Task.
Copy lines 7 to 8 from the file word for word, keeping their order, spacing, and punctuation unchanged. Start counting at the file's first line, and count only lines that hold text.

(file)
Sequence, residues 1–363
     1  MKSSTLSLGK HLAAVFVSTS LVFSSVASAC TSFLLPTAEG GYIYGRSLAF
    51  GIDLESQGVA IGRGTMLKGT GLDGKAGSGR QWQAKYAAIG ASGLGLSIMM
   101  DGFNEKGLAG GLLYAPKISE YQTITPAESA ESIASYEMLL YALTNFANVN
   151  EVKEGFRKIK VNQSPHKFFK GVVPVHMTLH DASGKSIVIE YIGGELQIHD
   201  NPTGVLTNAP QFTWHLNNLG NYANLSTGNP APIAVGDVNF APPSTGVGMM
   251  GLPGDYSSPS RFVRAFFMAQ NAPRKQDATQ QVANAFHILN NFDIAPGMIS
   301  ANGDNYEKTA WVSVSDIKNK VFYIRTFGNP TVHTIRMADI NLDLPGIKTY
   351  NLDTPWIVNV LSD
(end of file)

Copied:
   251  GLPGDYSSPS RFVRAFFMAQ NAPRKQDATQ QVANAFHILN NFDIAPGMIS
   301  ANGDNYEKTA WVSVSDIKNK VFYIRTFGNP TVHTIRMADI NLDLPGIKTY